Politicians in Europe on Tuesday approved development of lower-cost rockets, to compete with US commercial launch providers.
Ariane 5 was a highly successful rocket developed by scientists in Europe. But it is facing stiff competition from cheaper American launchers and so the developers came out with Ariane 6. The new rocket will be relatively cheaper to construct, operate and maintain.
At the European Space Agency (ESA) in Luxemburg, member nations authorized the project at a special council meeting. The funding for the space station and a rover to go to Mars was also agreed upon. ESA nations came forward with $5 billion funding, which will henceforth cover a number of programs for the next few years.
Jean-Jacques Dordain, agency director-general said, “I think I can summarize this ministerial council by saying it is a success. I’d even go so far as to say that it is a great success.”
Since mid-1990 the Ariane 5 has been dominating the market for putting up big commercial satellites. But lately it has faced stiff competitions from other services that are cheaper to work with. ESA feared that it would lose a lot of offers in the next few years, and hence decided to come up with Ariane 6. This new rocket will employ more modern methods of production and a streamlined assembly, which is aimed at reducing costs. On top of that the new rocket’s modular design can be tailored to a wide range of satellites and missions. This will help it gain further economies from frequent use.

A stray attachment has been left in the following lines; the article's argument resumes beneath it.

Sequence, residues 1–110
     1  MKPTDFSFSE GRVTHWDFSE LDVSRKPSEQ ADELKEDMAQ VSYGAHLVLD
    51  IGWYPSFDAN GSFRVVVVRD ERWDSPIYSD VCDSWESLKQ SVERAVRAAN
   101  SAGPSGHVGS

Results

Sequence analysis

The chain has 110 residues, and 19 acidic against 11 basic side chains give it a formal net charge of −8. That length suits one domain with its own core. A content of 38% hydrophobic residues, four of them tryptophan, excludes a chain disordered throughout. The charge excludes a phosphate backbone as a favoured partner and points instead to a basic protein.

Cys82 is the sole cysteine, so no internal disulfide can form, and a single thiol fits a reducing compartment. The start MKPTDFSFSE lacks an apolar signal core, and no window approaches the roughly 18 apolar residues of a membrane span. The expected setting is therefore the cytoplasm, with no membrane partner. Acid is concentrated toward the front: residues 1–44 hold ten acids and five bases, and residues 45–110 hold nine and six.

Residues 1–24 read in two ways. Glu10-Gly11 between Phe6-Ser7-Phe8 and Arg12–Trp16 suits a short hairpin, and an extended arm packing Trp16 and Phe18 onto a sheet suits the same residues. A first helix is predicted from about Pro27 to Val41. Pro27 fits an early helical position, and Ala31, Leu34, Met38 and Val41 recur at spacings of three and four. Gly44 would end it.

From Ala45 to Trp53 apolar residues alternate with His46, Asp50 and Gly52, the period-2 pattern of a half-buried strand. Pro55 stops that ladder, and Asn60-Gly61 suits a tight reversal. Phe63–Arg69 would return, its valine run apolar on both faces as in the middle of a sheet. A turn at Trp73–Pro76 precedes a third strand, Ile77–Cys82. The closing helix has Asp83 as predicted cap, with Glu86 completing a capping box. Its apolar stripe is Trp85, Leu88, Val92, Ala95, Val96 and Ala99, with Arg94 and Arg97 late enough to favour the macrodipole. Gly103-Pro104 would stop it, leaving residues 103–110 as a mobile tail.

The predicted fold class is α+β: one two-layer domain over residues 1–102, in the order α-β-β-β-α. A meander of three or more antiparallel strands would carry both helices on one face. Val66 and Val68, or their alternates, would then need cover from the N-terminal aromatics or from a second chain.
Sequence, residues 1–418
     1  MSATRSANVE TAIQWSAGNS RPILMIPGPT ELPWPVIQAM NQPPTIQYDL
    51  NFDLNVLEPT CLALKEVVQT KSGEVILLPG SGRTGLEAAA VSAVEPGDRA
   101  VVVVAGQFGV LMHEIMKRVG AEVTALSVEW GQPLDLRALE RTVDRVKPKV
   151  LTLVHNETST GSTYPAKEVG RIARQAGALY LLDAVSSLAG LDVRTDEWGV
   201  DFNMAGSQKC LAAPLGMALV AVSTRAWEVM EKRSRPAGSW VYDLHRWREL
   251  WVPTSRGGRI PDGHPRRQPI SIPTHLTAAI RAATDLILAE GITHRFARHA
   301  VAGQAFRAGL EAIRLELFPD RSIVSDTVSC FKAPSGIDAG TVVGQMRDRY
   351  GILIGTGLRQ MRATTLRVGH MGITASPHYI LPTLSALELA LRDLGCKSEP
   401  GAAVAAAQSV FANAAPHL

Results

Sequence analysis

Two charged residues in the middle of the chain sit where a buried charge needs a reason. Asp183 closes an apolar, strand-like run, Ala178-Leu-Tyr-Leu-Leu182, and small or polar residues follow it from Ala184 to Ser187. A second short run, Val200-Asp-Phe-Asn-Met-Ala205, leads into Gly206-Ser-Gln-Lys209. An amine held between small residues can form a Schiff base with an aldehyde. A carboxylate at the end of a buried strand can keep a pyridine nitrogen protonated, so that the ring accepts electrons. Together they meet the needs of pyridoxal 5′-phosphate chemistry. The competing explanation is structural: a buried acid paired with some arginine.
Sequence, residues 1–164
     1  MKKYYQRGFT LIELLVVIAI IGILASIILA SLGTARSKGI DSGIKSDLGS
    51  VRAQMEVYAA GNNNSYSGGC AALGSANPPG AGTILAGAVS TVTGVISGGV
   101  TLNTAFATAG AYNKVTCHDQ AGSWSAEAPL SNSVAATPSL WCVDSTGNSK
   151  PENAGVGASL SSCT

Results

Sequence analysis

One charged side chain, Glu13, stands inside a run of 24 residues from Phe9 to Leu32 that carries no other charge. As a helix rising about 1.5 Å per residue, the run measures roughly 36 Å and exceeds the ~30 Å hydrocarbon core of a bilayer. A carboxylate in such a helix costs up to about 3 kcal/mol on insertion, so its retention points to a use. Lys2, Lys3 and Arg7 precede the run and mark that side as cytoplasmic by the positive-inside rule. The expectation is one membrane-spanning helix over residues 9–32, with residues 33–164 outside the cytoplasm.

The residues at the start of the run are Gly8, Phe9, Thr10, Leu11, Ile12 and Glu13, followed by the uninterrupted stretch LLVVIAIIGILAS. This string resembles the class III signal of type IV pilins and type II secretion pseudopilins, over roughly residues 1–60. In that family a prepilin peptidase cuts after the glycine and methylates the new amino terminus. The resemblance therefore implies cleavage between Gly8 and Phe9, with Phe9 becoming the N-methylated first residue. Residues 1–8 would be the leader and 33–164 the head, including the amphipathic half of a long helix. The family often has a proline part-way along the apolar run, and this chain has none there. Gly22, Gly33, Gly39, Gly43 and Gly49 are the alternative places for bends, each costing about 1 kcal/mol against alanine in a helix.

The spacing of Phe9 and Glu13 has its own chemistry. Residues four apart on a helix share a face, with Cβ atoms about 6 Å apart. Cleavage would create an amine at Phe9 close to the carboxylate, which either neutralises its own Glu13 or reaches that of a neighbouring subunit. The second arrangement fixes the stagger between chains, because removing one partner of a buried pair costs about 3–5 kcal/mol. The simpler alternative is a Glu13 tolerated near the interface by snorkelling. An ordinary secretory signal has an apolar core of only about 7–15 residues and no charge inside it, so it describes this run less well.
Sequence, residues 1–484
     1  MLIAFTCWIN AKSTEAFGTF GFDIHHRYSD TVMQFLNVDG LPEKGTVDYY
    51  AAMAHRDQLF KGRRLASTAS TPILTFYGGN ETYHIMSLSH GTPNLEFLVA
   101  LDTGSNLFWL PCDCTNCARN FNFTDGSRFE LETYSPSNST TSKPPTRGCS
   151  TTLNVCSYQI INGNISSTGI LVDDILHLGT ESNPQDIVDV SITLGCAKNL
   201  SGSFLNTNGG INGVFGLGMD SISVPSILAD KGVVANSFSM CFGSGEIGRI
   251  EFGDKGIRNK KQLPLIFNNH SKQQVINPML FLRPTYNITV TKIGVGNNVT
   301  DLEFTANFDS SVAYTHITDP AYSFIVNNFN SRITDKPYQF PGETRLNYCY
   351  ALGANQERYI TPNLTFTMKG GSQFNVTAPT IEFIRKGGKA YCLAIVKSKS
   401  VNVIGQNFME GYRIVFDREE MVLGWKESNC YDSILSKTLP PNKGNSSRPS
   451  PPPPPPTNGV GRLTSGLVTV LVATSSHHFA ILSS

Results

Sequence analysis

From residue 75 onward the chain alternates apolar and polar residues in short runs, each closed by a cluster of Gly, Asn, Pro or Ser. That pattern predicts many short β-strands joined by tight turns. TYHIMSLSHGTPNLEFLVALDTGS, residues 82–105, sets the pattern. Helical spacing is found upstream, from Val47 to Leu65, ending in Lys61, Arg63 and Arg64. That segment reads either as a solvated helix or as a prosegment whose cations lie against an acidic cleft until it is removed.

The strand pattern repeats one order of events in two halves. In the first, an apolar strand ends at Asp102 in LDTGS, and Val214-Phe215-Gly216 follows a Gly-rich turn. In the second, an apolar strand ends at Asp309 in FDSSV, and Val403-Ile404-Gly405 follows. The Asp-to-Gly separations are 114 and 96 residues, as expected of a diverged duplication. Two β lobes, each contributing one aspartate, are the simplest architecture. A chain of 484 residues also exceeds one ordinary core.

Europe’s two big space powers, Germany and France, came together to push for Ariane 6. But it was only after months of hard bargaining that the ESA managed to acquire the 5 billion funding. The money will not only be spent on Ariane 6, but also to upgrade ESA’s small Italian-built Vega-C rocket. And the officials also endorsed their continued participation in the International Space Station (ISS). ESA plans to spend a further $986 million on the ISS for the next three years.
Satellite operators around the world look for low priced, reliable rockets. ESA officials have become increasingly concerned about the success of Californian Space Exploration Technologies Corporation (Space X), which offers launchers at cheaper costs compared to Ariane 5. But with Ariane 6, ESA now hopes to maintain their market presence.